2 thoughts on “Swap vs swop”

    1. They might be acceptable from a formal language perspective, but it is simply not used in the context of financial instruments.
      For example, a google search for “swap site:ft.com” gives 20,600 results. “swop site:ft.com” provides 50 results, many of which appear to be using “swop” in the non financial sense.
      “swap site:bloomberg.com” provides 44,700 hits compared to 48 with the alternative spelling.
      A google trends comparison of the usage in total (not even restricted to financial terms) shows this fairly categorical perspective.
      The UK Telegraph’s style guide prefers swap over swop.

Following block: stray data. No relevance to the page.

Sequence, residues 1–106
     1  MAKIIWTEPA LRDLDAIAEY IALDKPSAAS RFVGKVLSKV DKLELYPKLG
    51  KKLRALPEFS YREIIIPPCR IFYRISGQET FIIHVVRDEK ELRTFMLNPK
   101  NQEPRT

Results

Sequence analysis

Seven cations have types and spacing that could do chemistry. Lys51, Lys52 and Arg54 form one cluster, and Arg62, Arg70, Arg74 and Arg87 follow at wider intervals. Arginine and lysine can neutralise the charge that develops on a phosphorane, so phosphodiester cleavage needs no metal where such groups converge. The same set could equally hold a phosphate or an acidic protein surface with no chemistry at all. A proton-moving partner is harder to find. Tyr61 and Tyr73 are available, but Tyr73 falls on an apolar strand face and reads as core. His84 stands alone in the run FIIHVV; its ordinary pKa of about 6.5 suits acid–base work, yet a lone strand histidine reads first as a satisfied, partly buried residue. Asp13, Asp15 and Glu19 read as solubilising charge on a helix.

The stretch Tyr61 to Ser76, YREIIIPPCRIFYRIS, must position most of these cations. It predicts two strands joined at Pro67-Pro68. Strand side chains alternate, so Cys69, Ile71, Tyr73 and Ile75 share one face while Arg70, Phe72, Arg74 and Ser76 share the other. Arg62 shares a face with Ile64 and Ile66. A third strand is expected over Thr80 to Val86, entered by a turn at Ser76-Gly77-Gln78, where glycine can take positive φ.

Finally, and most fundamentally, the ISDA (International Swaps and Derivatives Association) uses “swap” exclusively.
      So at some point it just becomes silly to use a word that nobody else uses. The use of “swop” rather than “swap” to reflect financial instruments simply shows up the distance from the actual instruments.

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